Alderney is the third-largest of the Channel Islands, but at only three miles long by one and a half wide, that’s not really saying much. This only adds to its magic, and makes it all the more remarkable just how much bang for your buck Alderney provides.
The trump card here is the soaring wildlife; puffins, gulls, gannets, fulmars, guillemots, plovers, terns and razorbills are all prevalent on islets, beaches and cliffs around the island. You won’t know where to point your binoculars first.
It’s not all winged wildlife, however, Alderney also being home to blonde hedgehogs. It is estimated that about half of the hedgehogs on the island have a rare gene which makes their spikes lighter. If you want to spot one, keep an eye out on the side streets of St Anne, or on the freshly mowed fairways of the island’s golf course.
History is the other huge draw to Alderney, with Roman ruins and the remains of a fort built by Henry VIII all being of exceptional interest. But the most pertinent of all the landmarks on this small island date from the Victorian times, when the British decorated the island in forts, 18 in total, to dissuade the French from invading.
During WWII however, the Channel Islands fell into the hands of Nazi Germany, and the forts here were turned into the only four labour camps on British soil, transforming the island from a place of beauty to an unassailable hell. Around 700 people died here during the war, and there is no mistaking that it’s a haunting experience exploring these relics.
Mother Nature is in the process of reclaiming these relics for the greater good, with sea birds nesting in water-facing fort walls, and barn swallows raising their young in former Nazi tunnels.
Sark is a world apart from everything we know about the British Isles. The fourth-largest of all the Channel Islands, it has put itself into a self-induced time warp – there’s a ban on vehicle traffic, and the local government comes via an old-fashioned (and rather controversial) island parliament.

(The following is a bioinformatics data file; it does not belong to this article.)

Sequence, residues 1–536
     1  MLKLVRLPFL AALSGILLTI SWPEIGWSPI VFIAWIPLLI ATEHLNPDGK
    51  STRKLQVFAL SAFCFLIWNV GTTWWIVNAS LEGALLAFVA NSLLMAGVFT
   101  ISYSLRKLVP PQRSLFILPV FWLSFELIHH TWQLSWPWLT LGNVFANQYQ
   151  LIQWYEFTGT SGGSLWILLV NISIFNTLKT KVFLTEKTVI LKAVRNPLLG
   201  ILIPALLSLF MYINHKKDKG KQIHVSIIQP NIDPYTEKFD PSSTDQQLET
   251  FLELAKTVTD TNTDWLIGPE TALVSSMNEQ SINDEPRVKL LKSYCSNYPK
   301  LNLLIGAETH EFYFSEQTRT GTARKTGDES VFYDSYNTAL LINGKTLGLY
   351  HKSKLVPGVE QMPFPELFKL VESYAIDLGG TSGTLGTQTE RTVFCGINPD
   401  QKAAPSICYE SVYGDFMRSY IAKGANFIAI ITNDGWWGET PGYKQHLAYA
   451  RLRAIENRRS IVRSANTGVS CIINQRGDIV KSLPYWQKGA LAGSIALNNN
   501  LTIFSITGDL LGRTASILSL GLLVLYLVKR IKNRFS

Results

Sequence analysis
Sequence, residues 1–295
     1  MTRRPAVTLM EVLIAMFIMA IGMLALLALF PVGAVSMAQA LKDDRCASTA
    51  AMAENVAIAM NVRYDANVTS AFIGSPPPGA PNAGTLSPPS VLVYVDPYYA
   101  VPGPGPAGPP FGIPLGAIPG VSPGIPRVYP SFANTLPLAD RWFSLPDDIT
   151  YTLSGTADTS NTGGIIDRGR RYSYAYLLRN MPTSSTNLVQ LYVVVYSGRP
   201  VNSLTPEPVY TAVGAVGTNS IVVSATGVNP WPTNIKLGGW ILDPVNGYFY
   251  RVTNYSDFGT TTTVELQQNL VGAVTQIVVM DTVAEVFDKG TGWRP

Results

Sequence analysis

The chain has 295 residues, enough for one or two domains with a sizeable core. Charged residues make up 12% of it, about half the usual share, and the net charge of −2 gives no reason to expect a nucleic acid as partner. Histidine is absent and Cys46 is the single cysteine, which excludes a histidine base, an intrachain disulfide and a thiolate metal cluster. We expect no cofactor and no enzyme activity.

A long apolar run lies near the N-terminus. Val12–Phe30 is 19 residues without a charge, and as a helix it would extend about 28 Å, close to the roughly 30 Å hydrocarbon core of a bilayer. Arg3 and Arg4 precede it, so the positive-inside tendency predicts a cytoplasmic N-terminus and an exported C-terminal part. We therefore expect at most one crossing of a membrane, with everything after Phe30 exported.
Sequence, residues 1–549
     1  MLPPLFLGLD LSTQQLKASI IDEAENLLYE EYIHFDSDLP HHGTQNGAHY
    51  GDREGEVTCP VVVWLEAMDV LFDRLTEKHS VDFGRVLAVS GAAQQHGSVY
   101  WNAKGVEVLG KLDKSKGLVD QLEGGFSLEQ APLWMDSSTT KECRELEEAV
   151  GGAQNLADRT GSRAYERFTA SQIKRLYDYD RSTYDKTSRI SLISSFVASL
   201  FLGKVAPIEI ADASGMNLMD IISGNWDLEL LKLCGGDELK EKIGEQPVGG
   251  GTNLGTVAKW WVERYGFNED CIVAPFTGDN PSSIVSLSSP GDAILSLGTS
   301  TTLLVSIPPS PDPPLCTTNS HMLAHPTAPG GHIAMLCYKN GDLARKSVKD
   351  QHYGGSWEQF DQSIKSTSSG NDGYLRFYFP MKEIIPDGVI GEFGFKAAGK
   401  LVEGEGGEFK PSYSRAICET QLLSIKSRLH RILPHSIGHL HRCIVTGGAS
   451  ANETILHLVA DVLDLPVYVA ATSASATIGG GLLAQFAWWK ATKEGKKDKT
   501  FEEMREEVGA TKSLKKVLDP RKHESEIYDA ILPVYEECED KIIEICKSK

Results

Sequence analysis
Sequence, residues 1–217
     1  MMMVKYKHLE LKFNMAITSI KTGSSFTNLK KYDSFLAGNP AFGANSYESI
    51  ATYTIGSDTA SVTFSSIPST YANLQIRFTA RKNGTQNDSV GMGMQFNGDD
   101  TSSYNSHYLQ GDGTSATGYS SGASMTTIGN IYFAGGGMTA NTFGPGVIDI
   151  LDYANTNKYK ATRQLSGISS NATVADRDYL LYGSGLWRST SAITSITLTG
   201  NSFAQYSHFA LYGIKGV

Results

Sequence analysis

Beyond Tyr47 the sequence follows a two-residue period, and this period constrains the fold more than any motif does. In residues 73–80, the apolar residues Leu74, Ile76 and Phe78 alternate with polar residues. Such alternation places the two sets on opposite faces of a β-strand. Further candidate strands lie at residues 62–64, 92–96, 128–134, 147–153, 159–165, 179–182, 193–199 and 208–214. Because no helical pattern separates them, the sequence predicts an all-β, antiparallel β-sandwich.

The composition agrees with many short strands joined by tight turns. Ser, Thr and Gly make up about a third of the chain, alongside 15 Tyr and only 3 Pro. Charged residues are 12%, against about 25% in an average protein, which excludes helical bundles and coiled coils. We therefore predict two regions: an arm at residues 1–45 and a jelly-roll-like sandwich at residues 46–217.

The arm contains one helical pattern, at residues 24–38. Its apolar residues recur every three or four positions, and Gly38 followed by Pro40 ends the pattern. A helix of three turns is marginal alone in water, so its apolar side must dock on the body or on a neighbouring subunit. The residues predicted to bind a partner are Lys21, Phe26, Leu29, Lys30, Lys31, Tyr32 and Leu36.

Geographically, Sark is quite different from the other islands too, as it mostly consists of steep cliffs and a plateau of green on the top, meaning there are only a couple of beaches. Visitors can travel Sark by one of three ways; by foot, by bike, or by horse drawn carriage. You may be lucky enough to hop onto the back of a tractor pulling a trailer, but that’s as motorised as things get here.
Along with cars, there are no streetlights here, meaning that the night skies positively shimmer when the sun goes down every night. You can stargaze here with the naked eye, without the need for a telescope.
For the adventurous, Sark has a wealth of wrecks just off the coast, and the sea kayaking, diving and coasteering here are second to none. If that doesn’t take your fancy, then the coast paths atop the cliffs offer enough stomach-dropping views in their own right.
You won’t even find a bicycle on Herm, let alone a car. But you don’t need either, as such a miniature island is best discovered by foot.
For such a small island, Herm has quite a fascinating history, and has been the site of a neolithic burial ground, a monastic sanctuary and a granite quarry. Herm has also had some interesting residents in its time, with an eccentric Prussian Prince taking up residence here, Whiskey Galore writer Compton Mackenzie and a chairman of the Ford Motor Company, who gave Herm’s sole hotel its name: The White House.
The small desert island-esque paradise is just three miles off of Guernsey, and can only be accessed via ferry or private boat. Most visitors just stay for the day, but Herm really comes to life at night, when the day-trippers have returned to the main island and peace descends. At dusk you can share the empty beaches with oyster catchers, skinny dip as the sun sinks into the watery horizon, and wander through quiet pathways as the stars begin to shine.